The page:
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When’s the last time you dialed a phone number from memory? If you have a newer car, when’s the last time you actually used a key to unlock the door? If you’re like many, you regularly use a spellchecker to edit your documents. However, they’re often not intuitive enough to pick up on common mistakes. Automation and technology are wonderful things, but too much dependence on them can “spell” disaster. Here are a few of the many errors that can fly right under the spellcheck radar.
Image via Flickr by mandiberg
Whenever editors see an apostrophe, alarm bells rightfully go off in their heads. For example, “We will sell no wine before it’s time” (I may be showing my age a bit with this reference) means something altogether different than “before its time.” Whenever that apostrophe pokes out its little head, it means that some part of a word was removed to save space and make pronunciation easier. In this case, expanding the previous statement to read “We will sell no wine before it is time” means that wine sales open promptly at 6 a.m., like a disreputable bar. It’s not much of a slogan with that apostrophe included, but just try telling that to your spellchecker.
The simple trick of expanding a contraction also solves the “who’s” vs. “whose” error. “Who’s toothbrush is this?” would expand to “Who is toothbrush is this?” which clearly has some issues. Expanding your contractions also helps with the “there, they’re, their” issue, since “they’re” can be changed to “they are” to verify grammatical accuracy. Same goes for “you’re” vs. “your.” Blowing things up may not solve international conflicts, but it sure works wonders when double-checking contractions.
As long as we’re talking about apostrophes, let us not forget the zillions of folks that insist on adding an apostrophe whenever a word ends with an “S.” If you’re like most of the editors at CopyPress, you’ve gritted your teeth (to a degree that your orthodontist would definitely not approve of) when seeing a sign that says, “We Serve Taco’s.” What exactly does a taco own that would necessitate service? A car, perhaps? One wonders what sort of car a taco would drive. I’m guessing a Pinto.
Adding an apostrophe and an “S” to the end of a word indicates possession. Adding the “S” alone indicates a plural noun. While seeing “We Serve Taco” instead could be erroneous, it’s entirely possible that the restaurant in question has but a single taco and will serve it to the highest bidder before closing down for the day. There is still more potential for grammatical accuracy than “Taco’s.” Most spellcheckers out there don’t comprehend such deeper taco meanings, so leave it to a borderline-OCD editor instead.
If a vandalism charge weren’t a possibility, I’d carry a Sharpie to the supermarket and correct this irritating error. “Less” is used when you can’t quantify an amount, as in, “I need to eat less cheese.” If it can be counted (i.e., items in your cart), you use “fewer.” Go ahead and tell me, “This line is for people buying ten items or fewer. Get lost.” I would so appreciate the grammatical accuracy of the statement, I’d forgive the insult.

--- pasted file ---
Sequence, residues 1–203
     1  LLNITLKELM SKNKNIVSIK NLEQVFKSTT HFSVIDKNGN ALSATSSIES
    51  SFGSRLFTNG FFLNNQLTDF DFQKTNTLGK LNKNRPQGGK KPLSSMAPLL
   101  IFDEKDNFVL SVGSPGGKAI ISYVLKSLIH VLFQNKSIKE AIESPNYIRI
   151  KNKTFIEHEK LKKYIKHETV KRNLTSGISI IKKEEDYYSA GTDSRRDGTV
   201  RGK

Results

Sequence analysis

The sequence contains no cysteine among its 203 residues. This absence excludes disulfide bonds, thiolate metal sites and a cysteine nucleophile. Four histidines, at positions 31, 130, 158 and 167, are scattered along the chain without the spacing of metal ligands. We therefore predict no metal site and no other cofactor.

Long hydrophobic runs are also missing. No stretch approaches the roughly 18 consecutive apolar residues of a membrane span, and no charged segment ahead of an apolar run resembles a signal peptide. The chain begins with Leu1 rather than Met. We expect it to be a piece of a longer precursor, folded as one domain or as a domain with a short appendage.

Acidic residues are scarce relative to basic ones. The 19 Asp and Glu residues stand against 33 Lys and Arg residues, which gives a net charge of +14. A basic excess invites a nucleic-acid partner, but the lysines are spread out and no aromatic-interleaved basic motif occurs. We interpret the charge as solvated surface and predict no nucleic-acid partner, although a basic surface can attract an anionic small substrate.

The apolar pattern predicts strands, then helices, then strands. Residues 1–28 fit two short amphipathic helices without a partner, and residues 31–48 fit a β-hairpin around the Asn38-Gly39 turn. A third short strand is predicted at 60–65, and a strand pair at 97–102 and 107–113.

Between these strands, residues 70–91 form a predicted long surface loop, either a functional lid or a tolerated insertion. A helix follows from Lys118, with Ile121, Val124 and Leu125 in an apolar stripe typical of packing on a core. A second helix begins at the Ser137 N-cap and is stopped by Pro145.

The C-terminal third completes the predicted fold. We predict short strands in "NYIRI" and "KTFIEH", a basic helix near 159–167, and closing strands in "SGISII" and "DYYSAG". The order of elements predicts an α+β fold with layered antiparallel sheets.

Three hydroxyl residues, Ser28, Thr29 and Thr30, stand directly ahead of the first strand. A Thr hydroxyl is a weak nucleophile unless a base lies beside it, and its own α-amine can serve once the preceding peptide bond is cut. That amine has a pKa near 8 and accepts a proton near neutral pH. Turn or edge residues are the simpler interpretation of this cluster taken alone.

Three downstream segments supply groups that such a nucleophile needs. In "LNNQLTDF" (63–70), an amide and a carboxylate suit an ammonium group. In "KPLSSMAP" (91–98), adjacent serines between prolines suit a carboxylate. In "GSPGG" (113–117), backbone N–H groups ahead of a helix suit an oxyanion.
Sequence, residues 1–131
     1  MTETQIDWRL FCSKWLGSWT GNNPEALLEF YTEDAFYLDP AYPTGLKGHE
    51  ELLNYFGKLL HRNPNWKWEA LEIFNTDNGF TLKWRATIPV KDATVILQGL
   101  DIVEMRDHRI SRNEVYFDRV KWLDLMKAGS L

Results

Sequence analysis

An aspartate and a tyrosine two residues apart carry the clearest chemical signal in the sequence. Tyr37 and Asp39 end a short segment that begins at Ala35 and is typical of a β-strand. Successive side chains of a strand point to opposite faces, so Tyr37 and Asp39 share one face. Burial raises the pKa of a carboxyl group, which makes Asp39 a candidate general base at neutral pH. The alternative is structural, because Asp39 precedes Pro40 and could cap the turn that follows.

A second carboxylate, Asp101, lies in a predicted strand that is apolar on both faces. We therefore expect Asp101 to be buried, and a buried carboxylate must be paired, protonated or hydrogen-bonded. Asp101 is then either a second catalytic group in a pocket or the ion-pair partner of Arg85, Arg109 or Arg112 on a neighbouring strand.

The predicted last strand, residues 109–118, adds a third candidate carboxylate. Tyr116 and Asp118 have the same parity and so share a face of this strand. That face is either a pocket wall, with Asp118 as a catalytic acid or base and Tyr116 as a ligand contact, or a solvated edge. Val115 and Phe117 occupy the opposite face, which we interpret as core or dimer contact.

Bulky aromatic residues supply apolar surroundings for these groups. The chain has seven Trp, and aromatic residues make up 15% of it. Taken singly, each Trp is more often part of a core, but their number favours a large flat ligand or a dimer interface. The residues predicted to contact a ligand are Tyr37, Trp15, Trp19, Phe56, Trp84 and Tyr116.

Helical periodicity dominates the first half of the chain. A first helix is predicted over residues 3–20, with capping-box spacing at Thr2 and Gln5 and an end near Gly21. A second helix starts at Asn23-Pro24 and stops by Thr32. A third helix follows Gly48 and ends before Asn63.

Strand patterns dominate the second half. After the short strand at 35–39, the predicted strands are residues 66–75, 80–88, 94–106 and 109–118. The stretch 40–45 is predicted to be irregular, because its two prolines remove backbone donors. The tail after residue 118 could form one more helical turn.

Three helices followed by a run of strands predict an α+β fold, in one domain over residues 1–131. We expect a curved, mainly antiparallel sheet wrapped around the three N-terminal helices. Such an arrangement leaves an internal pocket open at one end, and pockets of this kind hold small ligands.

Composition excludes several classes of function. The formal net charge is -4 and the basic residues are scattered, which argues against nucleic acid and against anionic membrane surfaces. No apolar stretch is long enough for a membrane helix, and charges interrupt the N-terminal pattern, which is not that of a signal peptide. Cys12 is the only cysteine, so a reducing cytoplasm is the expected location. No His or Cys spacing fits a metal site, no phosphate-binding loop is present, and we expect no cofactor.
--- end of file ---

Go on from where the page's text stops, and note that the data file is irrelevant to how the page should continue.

There’s a huge difference between “then” and “than” that your computer may not be aware of. “Then” always refers to time, and “than” is used to compare things. Using the wrong word can make a sentence confusing and just plain wrong. “You’re taller then you look in that picture” technically means that firstly, you exist as a taller person, and afterward, you look into a picture that the speaker is indicating.
Spellcheckers miss this one all the time. “Compliment” is to say something nice, and “complement” is to go nicely with something else. “That dress complements your shoes quite well.” “Oh, thanks for the compliment on my complement.” An easy way to remember which one is which — the spelling that uses the “I” is the “say something nice” version, and “I” love it when people say nice things about me.
“Bad” and “badly” are misused all the time, and I’ve even written a poem about correcting a complete stranger about this. If you overhear someone say “I feel badly about it,” what they’re actually stating is that they’re no good at feeling things. Maybe it’s some sort of emotional problem that can be corrected with a newfangled pharmaceutical product. Just remember that “badly” is an adverb and always describes a verb. “I write badly” is grammatically correct. Just don’t depend on a spellchecker to fix that.
Despite years of development, no spellchecker can recognize good writing from clumsy writing. For instance, grammar sticklers have forever damned the prospect of ending sentences with prepositions. However, when a sentence of his was awkwardly rearranged to avoid this supposed pitfall, Winston Churchill famously replied, “This is the sort of bloody nonsense up with which I will not put.”
In other words, some sentences don’t read well when the rules of language are strictly adhered to. Note that the previous sentence ends with a preposition and sounds just fine, does it not? Over the years, it’s become acceptable to put aside this grammatical rule to make the language more user-friendly. English is supposed to work for us, not the other way around, so it’s constantly evolving to suit our needs. Only a human can know what feels right, and what feels wrong.
There’s no word for someone obsessed with grammar (unless you count “jerk,” but that’s usually reserved for people that are a bit more vocal about it). The closest thing, perhaps, is “logophile” — a lover of words. Remember, spellcheckers and computers are incapable of love, and it takes a special breed of nerd to qualify as one of the few, the proud, the logophiles. We can be an annoyance sometimes, but quite a handy team member when it comes to scrutinizing what will eventually end up on your blog or website.